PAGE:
At the bottom of the same advert, in smaller type, it read: "Find out which secrets are OK to share. Go to [redacted].com." We live in a world where people will click on that link to actually find out which secrets are OK to share after their trip to Vegas. Just keep that in mind. I spend the next hour thinking of the secrets that would be OK to share should I happen to make a trip to Vegas, and the list proves to be incomplete. For the sake of argument, let’s say that I got blackout drunk on the strip, spent $1000 on prostitutes, and got arrested for engaging in their particular service in public view. How could I keep that a secret? I’d probably tell that story on the Up and In podcast. You can’t keep that a secret. I guess I just don’t understand the marketing angle, as it promotes debauchery and deceit, two acts that usually make people feel bad about themselves and therefore subject to introspection and subsequent behavioral adjustment. Lure people away from their common lives with bright lights and big promises only to slap them in the face with their own weaknesses as they pack their bags. I change my mind. This is actually brilliant. I asked the steward if flying to Vegas and going to bed at 9pm while reading a good book would be a secret that was OK to share. With a pleasant tone and a friendly gesture, he handed me another drink, telling me that I’m over-thinking the advertisement and to just enjoy the flight, but what he really meant to say was, “I hate people like you and I hope your liver doesn’t survive the flight.”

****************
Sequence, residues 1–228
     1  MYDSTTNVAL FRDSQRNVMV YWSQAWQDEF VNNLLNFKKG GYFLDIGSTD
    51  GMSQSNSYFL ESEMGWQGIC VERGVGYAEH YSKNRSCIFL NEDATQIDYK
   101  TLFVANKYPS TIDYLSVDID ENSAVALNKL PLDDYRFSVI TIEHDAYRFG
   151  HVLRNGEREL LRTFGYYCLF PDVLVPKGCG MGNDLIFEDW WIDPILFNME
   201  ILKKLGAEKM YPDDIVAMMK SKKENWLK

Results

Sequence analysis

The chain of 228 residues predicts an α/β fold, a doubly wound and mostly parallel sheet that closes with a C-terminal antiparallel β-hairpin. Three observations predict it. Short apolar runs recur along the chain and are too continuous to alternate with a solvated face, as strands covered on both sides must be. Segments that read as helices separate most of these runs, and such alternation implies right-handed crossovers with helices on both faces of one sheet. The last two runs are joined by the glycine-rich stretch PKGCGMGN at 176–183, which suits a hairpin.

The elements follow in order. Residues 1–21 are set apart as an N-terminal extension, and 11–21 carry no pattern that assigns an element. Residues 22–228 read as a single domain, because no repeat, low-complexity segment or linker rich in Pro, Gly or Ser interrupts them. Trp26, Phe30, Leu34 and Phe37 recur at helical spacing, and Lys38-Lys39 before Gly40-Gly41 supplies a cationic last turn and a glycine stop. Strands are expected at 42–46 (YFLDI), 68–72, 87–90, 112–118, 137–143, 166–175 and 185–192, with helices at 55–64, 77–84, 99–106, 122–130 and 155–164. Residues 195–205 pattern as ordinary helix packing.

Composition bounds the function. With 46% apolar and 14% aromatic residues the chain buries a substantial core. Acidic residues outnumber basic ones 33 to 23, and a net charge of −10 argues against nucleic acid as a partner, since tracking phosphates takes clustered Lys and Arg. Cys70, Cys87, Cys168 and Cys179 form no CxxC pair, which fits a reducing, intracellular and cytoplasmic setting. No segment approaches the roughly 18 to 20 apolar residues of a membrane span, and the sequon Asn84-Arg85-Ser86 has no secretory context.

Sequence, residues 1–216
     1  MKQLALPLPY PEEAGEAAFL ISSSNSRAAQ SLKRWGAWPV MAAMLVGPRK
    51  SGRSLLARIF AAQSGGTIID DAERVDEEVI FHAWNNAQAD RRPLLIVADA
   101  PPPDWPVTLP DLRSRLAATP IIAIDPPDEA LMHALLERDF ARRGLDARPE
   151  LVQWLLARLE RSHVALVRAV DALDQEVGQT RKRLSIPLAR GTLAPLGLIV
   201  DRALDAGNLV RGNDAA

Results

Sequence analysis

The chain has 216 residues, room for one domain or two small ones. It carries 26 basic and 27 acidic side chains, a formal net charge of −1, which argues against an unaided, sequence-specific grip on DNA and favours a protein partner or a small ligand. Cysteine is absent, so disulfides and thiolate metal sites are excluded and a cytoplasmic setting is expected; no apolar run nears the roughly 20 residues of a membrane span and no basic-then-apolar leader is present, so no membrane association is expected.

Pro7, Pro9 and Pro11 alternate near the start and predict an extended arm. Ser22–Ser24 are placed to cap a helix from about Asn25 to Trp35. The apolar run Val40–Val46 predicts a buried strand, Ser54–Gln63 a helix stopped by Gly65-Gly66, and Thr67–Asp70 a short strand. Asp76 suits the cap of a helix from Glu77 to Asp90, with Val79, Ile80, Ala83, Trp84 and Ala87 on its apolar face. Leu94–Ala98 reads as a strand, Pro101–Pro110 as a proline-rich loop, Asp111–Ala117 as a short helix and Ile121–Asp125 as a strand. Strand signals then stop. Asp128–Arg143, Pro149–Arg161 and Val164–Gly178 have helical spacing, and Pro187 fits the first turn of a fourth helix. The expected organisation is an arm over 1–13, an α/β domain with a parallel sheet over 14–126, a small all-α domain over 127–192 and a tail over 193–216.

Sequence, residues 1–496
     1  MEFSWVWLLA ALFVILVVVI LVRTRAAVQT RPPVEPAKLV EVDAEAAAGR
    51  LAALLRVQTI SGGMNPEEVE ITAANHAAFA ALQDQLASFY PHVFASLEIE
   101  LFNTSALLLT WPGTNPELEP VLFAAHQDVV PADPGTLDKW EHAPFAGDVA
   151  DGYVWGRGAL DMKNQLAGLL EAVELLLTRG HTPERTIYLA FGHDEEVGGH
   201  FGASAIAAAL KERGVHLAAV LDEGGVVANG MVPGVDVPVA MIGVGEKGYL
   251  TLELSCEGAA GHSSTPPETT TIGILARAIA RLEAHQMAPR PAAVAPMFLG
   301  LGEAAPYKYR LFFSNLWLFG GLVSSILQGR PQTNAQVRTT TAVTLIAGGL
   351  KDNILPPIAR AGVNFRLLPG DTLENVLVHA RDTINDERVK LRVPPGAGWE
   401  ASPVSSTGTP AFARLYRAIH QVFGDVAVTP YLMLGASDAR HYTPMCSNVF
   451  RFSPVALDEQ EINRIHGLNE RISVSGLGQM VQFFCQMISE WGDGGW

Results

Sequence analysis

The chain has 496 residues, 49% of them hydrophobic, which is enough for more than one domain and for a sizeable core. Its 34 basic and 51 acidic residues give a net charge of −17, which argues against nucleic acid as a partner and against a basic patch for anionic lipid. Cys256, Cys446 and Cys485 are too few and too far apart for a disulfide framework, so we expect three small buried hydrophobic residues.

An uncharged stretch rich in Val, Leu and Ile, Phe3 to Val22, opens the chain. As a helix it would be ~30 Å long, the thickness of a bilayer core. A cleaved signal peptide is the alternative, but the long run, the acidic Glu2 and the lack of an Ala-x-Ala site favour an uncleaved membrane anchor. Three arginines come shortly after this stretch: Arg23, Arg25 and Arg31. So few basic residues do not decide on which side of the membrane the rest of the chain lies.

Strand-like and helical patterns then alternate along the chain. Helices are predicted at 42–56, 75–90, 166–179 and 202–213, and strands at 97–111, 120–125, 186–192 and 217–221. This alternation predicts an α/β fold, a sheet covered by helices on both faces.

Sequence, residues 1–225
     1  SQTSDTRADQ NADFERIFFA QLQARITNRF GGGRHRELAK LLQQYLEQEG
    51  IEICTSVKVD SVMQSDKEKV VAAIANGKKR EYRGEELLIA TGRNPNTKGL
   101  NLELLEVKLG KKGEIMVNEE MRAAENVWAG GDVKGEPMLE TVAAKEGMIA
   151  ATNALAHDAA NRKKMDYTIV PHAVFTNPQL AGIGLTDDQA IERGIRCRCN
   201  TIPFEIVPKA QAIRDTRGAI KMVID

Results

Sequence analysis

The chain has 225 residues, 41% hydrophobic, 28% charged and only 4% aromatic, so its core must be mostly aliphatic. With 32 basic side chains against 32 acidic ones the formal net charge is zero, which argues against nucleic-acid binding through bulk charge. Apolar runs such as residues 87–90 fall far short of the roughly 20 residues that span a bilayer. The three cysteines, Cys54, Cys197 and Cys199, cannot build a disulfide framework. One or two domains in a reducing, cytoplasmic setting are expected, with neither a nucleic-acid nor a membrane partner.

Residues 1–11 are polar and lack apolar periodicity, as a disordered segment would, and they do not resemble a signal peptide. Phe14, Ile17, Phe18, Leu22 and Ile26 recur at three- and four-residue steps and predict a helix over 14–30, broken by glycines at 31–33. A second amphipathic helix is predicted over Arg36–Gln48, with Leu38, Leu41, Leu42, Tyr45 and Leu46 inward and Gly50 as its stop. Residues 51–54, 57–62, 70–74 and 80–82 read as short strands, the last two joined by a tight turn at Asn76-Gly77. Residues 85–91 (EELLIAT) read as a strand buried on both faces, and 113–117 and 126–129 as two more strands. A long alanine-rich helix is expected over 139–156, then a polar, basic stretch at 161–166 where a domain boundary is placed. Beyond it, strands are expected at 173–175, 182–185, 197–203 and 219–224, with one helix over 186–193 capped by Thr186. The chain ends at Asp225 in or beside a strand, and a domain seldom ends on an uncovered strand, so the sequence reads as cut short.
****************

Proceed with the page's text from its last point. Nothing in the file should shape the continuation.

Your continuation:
The reason for my flight from New York City to Dallas is to attend and participate in a Baseball Prospectus event at Rangers Ballpark in Arlington. I was scheduled to be involved in the question and answer portion (along with Kevin Goldstein, Joe Hamrahi, Don Welke, Jamey Newberg, and Jon Daniels), the dinner/drinks meet and greet in the hall of fame area of the stadium immediately following the question and answer portion, and finally, to enjoy the game in the outfield stands with some of those that purchased tickets. It was a sold out event, and I was returning to my roots, so I was looking forward to the festivities.